After the second Anglo Boer War which was concluded in 1902, the Boer Republics were taken over by the British together with their valuable mineral reserves and were administered as separate Crown colonies.

Endless vistas
In 1910, General Louis Botha formed the Union of South Africa as an independent dominion within the Commonwealth out of the old Cape Colony, Orange River Colony, Natal and Transvaal. In 1948, the National Party, infamous for pursuing its policy of Apartheid, came to power and relentlessly led South Africa down a path of isolation from the world community. In 1961 South Africa became a Republic and withdrew from the Commonwealth. Increasingly isolated from both an economic and political perspective, the National Party under the leadership of FW de Klerk, unbanned political opposition parties and released Nelson Mandela from prison. These actions led to the election of Nelson Mandela as president in 1994 under an African National Congress (ANC) government. Nelson Mandela stepped down as president after his first term paving the way for Thabo Mbeki's election as president subsequent to the 1999 elections. South Africa is a full member of the Commonwealth, United Nations, Non-Aligned Movement and the Organisation of African Unity.

South Africa is bordered in the north by Namibia, Botswana, and Zimbabwe. Mozambique and Swaziland border South Africa to the north-east while Lesotho is completely landlocked by South Africa. South Africa has a three thousand kilometre coastline encompassing both the Indian and Atlantic Oceans.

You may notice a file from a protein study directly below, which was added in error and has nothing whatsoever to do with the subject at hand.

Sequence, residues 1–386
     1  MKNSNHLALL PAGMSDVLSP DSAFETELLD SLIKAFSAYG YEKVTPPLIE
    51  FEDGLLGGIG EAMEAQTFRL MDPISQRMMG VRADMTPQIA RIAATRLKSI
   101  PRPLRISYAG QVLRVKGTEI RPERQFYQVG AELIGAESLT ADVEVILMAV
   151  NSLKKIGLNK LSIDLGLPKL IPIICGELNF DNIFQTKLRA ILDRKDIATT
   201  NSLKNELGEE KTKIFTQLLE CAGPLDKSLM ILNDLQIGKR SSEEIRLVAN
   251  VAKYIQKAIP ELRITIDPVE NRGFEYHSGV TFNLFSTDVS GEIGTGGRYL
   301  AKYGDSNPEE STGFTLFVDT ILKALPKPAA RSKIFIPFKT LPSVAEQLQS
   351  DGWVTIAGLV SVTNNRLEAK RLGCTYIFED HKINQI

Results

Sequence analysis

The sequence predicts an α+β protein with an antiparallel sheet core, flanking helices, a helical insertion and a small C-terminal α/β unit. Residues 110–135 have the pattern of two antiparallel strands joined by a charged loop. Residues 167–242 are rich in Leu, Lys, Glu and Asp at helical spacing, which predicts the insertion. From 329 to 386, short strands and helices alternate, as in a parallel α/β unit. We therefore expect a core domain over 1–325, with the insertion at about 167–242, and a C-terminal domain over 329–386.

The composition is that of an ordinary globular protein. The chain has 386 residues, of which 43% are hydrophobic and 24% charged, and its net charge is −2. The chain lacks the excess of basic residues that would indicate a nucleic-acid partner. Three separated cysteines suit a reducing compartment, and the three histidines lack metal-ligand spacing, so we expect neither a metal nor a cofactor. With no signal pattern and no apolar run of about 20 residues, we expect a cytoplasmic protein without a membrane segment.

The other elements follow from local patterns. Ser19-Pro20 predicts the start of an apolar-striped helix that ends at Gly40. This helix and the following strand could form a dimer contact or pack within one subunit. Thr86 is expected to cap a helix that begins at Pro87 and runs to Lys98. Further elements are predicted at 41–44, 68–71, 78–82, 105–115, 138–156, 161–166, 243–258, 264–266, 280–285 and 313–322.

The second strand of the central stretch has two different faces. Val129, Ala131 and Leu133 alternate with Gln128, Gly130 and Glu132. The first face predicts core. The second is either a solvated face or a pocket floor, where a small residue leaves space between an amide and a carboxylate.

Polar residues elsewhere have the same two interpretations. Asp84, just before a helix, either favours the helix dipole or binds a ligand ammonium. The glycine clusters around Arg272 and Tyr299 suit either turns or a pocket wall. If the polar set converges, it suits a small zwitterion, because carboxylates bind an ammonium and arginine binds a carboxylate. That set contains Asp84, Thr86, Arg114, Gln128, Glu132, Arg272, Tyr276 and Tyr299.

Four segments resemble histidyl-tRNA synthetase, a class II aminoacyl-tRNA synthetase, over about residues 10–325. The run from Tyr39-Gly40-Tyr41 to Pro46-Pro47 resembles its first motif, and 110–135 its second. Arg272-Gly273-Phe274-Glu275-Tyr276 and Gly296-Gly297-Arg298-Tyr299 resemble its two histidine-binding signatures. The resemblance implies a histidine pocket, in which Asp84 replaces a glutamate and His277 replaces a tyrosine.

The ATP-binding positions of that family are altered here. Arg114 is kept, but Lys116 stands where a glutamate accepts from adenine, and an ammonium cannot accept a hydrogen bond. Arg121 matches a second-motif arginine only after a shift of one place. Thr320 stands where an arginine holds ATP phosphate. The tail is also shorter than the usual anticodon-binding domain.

The most important rivers are the Orange, Vaal, Tugela and Limpopo. The Orange River has its source in the Drakensberg Mountains in Lesotho and it flows westward across the dry Karoo and Bushmanland into the Atlantic Ocean forming the border between Namibia and South Africa. The Vaal River is the major tributary of the Orange River. It is also the most important source of water for the industrial heartland of South Africa, Gauteng. The Tugela River has its source in the Drakensberg Mountains, but flows eastwards, over the highest falls in Africa, through KwaZulu-Natal to the Indian Ocean. The Limpopo River forms the border between South Africa and Zimbabwe and part of Botswana and flows eastwards to the Indian Ocean in Mozambique.

The climate is generally temperate and sub-tropical, with a Mediterranean climate experienced in the Western Cape. As a result, much of the south-western Cape is covered in vineyards where outstanding wines of excellent quality are produced. The western half of the country, comprising the Great Karoo, Bushmanland and Namaqualand, is semi-desert with some natural forestation to be found along the southern Cape coast, most notably the Tsitsikamma Forest. The remainder of the country consists of grasslands, savanna and bush.